… you’ll learn why many professional athletes, especially fighters, are some of the top biohackers in the world. They hack their bodies, minds, and environments to achieve an incredibly high level of performance. Every hack they do has to be effective—and means the difference between winning and losing.
Professional MMA (mixed martial arts) fighter Miesha Tate knows and does just that while adding being a parent and entrepreneur into the mix. Miesha is a former UFC and Strikeforce Bantamweight champion, ONE Championship vice president, and winner of Celebrity Big Brother Season 3. She always draws on her experiences, whether from home birth or competing on the world’s biggest stages as a pro athlete as proof that when the mind and body are functioning with synchronicity, you are capable of great things.
She’s also aware of her limits. “I think I was addicted to adversity,” she says. “It had to be hard because that’s how I knew how to operate. But I’m telling you, there’s a way better way, a more efficient way, a more fulfilling way to go about being in athletics.”
After more than a decade of wrestling and MMA competition culminating in her UFC World Championship in 2016, she says her life came tumbling down. Years of relentless training, a toxic relationship, and overwhelming burning-the-candle-at-both-ends stress wore her out. So, she stepped out of the octagon and took a step back to reassess how she’d been approaching her life.
“I retired from the sport and it took five years to figure out who I am other than Miesha Tate, the fighter,” she says. “So not only did I go soul searching, but I also went wellness searching.”
- She found red light to help her recovery and healing, hyperbaric oxygen therapy to restore and protect her brain, and breathing techniques to keep her present and grounded.
- She learned, too, the importance of mindfulness and attention to self—“to just be alone with your own thoughts.”
- She says there’s reward and fulfillment in doing something every day that pushes you and makes you a little bit uncomfortable. No pain required.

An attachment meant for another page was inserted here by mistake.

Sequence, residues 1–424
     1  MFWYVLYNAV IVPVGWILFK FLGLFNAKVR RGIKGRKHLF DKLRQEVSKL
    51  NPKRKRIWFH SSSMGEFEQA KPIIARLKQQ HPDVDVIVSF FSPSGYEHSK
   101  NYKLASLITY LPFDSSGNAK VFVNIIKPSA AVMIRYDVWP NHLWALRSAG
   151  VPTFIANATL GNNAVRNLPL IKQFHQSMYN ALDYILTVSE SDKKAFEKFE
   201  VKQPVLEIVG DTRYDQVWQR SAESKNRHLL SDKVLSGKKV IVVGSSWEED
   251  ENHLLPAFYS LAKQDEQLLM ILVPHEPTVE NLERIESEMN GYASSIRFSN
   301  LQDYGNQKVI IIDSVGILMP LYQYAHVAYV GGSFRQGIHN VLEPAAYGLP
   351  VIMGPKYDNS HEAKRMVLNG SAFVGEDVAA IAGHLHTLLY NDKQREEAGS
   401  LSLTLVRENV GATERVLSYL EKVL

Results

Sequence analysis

She came back to professional MMA fighting after having two children and changed up nearly everything about her training. This included moving from Bantamweight to Flyweight, which meant reducing her already lean frame by another 10 pounds. It’s a change that better suits her natural build, redefines her fighting style, and allows her more power and reach.
She now looks at her body and mind as a comprehensive unit: the big things like hormones, nutrition, sleep and brain health; flow state during her fights; and she even takes on the more elusive soul work.
“When I walk into the octagon, I’m working on incorporating my soul more to be honest,” she says. “I don’t feel like it has been a very mindful part of my fighting. A lot of people say, “you’ve got that warrior spirit.” It probably is my spirit, it’s just not on a conscious level. I would like to bring it on a conscious level, and I’m a work in progress, just like everybody.”
Miesha focuses on empowering women through martial arts, with a particular emphasis on self-defense and building confidence. She’s become an advocate for women in combat sports, using her platform to promote equality and opportunities for women in the sport. She also helps others heal, recover, and discover their potential at Desert Moon Wellness, which she co-founded with two women partners.
In addition to her business and professional ventures, Miesha’s also involved in various philanthropic endeavors. She has worked with organizations such as the American Red Cross, St. Jude Children’s Research Hospital, and the National MS Society.
She lists her three most important things in life as: 1) Family and friends, 2) time, and 3) goals and dreams.
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